Swine flu- travellers abroad face hostile reception

Long viewed with suspicion for bringing drunken rowdiness to foreign cities, the British face a new reason for hostility as they head abroad for summer holidays: the risk that they bring swine flu with them from the country with one of the world’s highest infection rates.

While the pandemic has spread to nearly 200 countries, the UK has intrigued public health specialists by reporting to date the most cases outside Mexico and the US, with 100,000 new suspected infections in recent days and rising fast.

After recent incidents when British citizens have been detained in China, Brunei and Romania, the Foreign Office is warning visitors to its website that they could be screened on entry to a foreign country and even placed in quarantine if found to have swine flu like symptoms.

But with many countries across Europe and elsewhere yet to be significantly affected by the flu, and often with modest stockpiles of the medicine Tamiflu, those who do fall ill while abroad may face greater hurdles than normal in gaining swift access to treatment.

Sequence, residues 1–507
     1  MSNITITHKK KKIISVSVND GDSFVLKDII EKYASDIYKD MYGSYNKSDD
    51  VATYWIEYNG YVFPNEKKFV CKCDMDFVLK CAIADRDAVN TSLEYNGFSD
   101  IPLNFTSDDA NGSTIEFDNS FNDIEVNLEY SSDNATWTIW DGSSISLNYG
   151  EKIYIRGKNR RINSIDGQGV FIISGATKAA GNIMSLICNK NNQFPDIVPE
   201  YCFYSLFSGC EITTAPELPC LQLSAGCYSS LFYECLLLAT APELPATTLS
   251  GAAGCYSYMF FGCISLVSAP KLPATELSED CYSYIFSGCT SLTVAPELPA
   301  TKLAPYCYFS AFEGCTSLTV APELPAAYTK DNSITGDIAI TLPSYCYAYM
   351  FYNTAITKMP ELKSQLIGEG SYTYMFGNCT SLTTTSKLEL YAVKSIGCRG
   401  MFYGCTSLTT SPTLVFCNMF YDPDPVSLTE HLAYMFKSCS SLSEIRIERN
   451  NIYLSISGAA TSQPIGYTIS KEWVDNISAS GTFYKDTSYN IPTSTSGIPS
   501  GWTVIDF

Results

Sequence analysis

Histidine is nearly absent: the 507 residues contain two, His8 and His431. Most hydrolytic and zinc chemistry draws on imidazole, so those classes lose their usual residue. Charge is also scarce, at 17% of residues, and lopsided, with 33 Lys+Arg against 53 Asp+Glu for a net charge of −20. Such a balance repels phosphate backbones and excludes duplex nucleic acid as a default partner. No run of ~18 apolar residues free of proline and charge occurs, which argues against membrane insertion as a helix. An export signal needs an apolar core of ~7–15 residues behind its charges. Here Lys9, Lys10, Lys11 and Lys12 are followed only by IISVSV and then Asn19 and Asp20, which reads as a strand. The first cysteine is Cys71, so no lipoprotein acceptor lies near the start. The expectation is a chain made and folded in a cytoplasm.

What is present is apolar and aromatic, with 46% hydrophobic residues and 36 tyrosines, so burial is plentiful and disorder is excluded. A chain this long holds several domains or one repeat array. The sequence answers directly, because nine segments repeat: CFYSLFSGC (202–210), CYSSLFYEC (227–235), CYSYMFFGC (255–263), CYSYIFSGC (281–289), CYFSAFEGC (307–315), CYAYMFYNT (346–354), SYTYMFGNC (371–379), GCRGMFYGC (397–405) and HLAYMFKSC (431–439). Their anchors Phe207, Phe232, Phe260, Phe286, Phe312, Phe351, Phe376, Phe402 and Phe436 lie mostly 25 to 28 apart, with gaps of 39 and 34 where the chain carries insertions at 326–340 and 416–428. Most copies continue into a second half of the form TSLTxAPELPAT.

Some countries are simply putting up posters at ports of entry advising travellers to seek medical help if they have flu symptoms, but it says Romania is among those now specifically asking those arriving from the UK to fill in a medical questionnaire and placing those with symptoms in isolation in hospital for treatment.

The Association of British Travel Agents has also criticised overzealous imposition of screening of British travellers by foreign countries including Egypt and Turkey despite advice that it serves no purpose from the World Health Organisation.

Official advice warns those who have already fallen ill to defer their trips, while the airlines BA and Virgin have already indicated that they may prevent people from travelling if they have the symptoms.

After concerns that two travel insurers had said they would not cover cancellation costs for people contracting swine flu, the Association of British Insurers stressed this week that all would be reimbursed provided their condition had been recognised by the government’s new Pandemic Flu Service.

To date, at least 52 British students have been quarantined in China, 200 soldiers in Brunei and eight school children in Romania.

The Foreign and Commonwealth Office said that it was providing consular assistance to at least 160 British nationals in swine-flu quarantine in four countries: China, Singapore, India and Egypt.

“We are paying close attention to the welfare of Brits in quarantine. We are keeping in touch by phone with those in quarantine to check on their welfare; ensure they understand the procedures; and to pass messages to and from parents and relatives in the UK.”


Comments are closed. Posted by: Health Direct on